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Favorite SciFi/Space Opera BOOK Series?

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1. Pre-Dark Age Battletech/Mechwarrior     Some authors are better than others, personal favorites are James D. Long, Michael A. Stackpole (Warrior and blood of Kerensky trilogies are must reads of the whole series) 

2. Robotech series by Jack McKinney   first 6 books (macross saga) are the best, and end of the circle, the grand finale.   the rest gets abit preachy.

3. Halo- Yes based on the video games, but I admit freely I hate the games, but love the world and story. I don't bring the books to work simply because I find them extremely hard to put down if I've not read them before.

 

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I've read very few SciFi or Space Opera Series, but there are two I can think of, besides the Honor Harrington series which I know you've read.

There is the Night's Dawn Trilogy, by Peter F. Hamilton. A sprawling Space Opera in the far future where humanity wages war against souls returning to reality via possession. Humanity faces the trouble that killing one of these hostile souls also kills the host body and potentially just gives the other side another recruit. There is a charming ship's captain tasked with helping a scientist find a doom's day weapon. Sentient habitats and sentient ships. Humanity has diverged into two main branches - Adamists, who are more traditional humans, and Edenists, who use biotechnology so now have a sort of telepathy among their kind, allowing them to form a group consensus among themselves and connect with their ships and habitats.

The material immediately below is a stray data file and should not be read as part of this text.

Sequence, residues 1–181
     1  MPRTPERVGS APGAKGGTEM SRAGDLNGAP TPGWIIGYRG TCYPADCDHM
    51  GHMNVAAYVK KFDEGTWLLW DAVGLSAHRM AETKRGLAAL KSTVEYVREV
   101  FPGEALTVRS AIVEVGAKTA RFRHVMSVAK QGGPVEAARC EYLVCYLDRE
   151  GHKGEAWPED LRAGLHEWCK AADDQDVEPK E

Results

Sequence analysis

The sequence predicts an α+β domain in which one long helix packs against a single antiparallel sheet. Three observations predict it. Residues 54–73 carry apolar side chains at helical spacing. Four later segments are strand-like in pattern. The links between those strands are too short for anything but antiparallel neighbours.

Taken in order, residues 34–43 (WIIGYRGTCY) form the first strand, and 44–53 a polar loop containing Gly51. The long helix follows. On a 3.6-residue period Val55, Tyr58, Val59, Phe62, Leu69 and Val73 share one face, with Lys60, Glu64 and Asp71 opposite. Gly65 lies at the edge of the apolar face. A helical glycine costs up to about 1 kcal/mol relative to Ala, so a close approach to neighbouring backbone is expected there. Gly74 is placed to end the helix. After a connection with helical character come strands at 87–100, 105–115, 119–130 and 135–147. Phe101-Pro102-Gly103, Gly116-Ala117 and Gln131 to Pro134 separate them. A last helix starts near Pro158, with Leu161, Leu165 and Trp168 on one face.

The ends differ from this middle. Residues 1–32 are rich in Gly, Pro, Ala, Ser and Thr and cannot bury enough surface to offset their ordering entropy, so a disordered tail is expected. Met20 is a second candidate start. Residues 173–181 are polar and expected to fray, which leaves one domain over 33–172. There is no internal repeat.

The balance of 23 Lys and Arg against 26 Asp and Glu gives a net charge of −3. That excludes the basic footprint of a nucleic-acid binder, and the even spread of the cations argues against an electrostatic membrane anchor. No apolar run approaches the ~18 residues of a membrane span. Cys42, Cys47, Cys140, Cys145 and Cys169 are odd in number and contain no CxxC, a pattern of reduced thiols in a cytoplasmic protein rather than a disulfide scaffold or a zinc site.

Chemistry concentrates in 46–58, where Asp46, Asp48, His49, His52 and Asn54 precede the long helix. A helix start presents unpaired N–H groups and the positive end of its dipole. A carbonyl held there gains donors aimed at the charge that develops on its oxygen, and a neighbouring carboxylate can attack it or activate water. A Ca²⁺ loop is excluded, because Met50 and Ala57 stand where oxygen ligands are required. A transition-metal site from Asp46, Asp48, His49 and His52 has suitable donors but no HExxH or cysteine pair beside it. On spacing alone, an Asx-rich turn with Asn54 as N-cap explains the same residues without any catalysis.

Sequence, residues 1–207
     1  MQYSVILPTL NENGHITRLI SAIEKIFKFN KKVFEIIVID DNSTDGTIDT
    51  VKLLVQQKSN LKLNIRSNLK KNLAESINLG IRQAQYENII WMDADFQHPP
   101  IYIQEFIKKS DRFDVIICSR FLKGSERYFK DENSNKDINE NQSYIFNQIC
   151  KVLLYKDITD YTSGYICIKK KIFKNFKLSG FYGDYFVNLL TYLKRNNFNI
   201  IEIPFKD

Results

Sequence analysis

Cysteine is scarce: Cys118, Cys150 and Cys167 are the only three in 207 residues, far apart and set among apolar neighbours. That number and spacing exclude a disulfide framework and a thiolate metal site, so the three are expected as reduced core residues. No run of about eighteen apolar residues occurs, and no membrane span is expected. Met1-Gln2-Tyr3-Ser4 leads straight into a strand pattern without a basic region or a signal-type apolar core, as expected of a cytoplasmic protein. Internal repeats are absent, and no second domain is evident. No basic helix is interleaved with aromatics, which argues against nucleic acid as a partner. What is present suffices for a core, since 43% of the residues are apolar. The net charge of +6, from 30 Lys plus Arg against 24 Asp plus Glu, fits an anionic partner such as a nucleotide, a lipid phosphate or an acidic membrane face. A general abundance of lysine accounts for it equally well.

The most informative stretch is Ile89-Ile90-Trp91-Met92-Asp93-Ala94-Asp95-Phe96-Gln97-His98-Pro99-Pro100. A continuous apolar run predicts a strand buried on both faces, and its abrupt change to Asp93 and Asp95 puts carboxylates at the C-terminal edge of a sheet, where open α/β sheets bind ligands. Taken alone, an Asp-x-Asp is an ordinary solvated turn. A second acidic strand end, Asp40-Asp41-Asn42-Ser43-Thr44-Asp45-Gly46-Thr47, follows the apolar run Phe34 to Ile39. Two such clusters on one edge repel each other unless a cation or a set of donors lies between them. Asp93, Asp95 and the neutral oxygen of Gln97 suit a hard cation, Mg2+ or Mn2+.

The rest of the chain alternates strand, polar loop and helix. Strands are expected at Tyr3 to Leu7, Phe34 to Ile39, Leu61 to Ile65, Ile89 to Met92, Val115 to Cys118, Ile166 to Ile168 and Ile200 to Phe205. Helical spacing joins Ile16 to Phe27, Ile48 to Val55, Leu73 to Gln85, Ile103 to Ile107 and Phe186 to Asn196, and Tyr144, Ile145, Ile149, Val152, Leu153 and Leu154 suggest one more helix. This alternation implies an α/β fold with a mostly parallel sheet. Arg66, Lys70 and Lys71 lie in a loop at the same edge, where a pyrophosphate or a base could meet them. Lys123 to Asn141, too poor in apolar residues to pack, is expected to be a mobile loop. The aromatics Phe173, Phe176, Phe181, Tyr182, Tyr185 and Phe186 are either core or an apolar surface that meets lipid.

Some of the characters are a satanist who ends up with power among the souls and thinks he is going to summon Lucifer, Al Capone, who doesn't actually agree with most of the other returned souls, Christian Fletcher from Mutiny on the Bounty, who is one of the very few 'good' returned souls, and a group of shadowy politicians who are the ones who really control a vastly overpopulated and climately damaged Earth.

The other is the Galactic Milieu Series by Julian May (And the sequel/prequel series the Saga of the Pliocene Exile that takes a lot from classic Celtic Myth). It has many religious and philosophical themes and deals with humans developing insanely powerful psychic powers and growing socially mature enough to gain entrance into a greater confederation of galactic cultures/races. Fair bit of focus on the Omega Point and Noosphere.

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Oh, and there is the Well World series, by Jack L. Chalker. The Well World is a planet size super computer built by an ancient and vanished (mostly) race. It is composed of 1560 hexes, that each has its own climate/ecosystem/race. When people find their way to the Well World via a gate from the ruins of the ancient race, they get assigned to one of the hexes and get transformed into the native race of that hex. As the rest of the world is human (IIRC), this generally results in some severe adjustment to the formerly human travellers. And it's hard to get off the Well World, generally, you have to make it to the heart of the super computer, and it sort of rewrites reality to get you off planet and essentially, give you a wish (again, IIRC). There's all sorts of stories in that setting.